Increase to national living wage is just a ‘feeble gesture’ as Westonians ‘struggle’

PUBLISHED: 10:00 14 April 2017


Low-income workers could earn hundreds of pounds more each year after the hourly minimum wage was increased by 30p, but Westonians remain cynical about the changes.

This month, the Government announced it would increase the national living wage from £7.20 to £7.50 for people aged 25 and over.

But people aged 24 and below will still be on the national minimum wage – which ranges from £3.50 for an apprenticeship to £7.05 for people aged 21 to 24.

Louise Branch, chairman of Equality North Somerset, described the change in the national living wage as a ‘feeble gesture’.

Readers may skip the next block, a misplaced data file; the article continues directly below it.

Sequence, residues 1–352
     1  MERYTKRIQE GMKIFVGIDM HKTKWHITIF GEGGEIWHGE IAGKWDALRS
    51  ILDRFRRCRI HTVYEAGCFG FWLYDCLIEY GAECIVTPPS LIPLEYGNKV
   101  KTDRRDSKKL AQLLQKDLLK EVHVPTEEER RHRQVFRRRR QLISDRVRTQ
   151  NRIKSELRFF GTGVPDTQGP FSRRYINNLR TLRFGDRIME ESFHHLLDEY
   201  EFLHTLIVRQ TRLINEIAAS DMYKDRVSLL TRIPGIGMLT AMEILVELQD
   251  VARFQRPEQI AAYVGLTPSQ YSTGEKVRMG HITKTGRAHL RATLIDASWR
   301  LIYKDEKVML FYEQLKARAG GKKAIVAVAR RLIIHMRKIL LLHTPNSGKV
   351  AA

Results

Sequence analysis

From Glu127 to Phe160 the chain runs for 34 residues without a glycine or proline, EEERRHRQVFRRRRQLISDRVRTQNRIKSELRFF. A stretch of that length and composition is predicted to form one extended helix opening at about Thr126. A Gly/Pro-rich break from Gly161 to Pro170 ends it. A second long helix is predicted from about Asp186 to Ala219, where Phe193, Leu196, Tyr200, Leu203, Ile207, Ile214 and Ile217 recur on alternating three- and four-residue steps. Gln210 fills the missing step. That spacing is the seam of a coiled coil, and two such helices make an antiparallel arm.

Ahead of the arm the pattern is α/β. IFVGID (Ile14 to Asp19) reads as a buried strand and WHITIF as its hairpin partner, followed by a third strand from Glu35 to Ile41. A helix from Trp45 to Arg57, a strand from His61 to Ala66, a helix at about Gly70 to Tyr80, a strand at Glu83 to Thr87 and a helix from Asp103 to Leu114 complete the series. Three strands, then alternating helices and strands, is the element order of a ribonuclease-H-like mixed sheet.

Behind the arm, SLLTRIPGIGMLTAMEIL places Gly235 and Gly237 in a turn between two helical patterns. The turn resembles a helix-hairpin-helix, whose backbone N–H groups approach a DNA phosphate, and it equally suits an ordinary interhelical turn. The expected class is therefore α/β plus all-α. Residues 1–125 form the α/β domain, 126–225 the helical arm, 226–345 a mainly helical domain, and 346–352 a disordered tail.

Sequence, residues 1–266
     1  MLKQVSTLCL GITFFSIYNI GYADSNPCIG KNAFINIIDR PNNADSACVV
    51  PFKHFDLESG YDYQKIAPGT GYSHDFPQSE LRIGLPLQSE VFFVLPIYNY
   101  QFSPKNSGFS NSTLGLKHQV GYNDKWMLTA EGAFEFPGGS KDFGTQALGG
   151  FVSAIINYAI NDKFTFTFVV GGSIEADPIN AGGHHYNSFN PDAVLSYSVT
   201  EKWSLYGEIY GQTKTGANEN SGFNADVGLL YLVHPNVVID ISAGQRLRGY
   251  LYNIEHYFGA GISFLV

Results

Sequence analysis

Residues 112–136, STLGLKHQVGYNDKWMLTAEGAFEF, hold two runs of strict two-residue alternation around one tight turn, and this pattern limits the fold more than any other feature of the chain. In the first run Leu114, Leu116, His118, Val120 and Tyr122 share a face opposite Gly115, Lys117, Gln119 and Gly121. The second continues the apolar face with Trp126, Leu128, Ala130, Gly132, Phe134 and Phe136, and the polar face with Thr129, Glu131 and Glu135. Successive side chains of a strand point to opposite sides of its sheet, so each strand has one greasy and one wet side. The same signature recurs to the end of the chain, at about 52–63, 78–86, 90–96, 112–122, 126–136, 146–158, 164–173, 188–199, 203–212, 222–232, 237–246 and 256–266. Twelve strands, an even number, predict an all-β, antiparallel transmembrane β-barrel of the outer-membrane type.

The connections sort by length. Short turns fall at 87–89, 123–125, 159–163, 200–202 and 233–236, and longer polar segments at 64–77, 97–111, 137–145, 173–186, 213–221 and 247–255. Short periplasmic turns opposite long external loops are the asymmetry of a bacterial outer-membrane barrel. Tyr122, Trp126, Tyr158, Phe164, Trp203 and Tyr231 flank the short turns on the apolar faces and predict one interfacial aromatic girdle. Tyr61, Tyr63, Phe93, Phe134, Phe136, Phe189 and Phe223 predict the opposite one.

She said: “It is not going to be enough to keep up with the constant standard of living. It will not make a difference to people.

“If we are going to call it a living wage then you need to be able to live off it.”

Ms Branch added the Living Wage Commission – made up of independent experts, employers and trade unions – has set a ‘realistic’ wage of £8.45.

She added: “I would like to strongly encourage employers to consider this the real living wage.”

The reaction on the Mercury’s social media reaction was mixed too.

Richard Hopkins, from Weston, said: “The national living wage is just the Government putting a smokescreen up; this will make no difference to most people as the more you earn, the more you pay in taxes.

“It will put more strain on small and large businesses which are struggling now and, in the long run, will put more strain on its low-paid workers.”

Jennifer Wakefield, also from Weston, said: “It is enough for one single person to scrape through life but add kids to the mix then there is no hope.”

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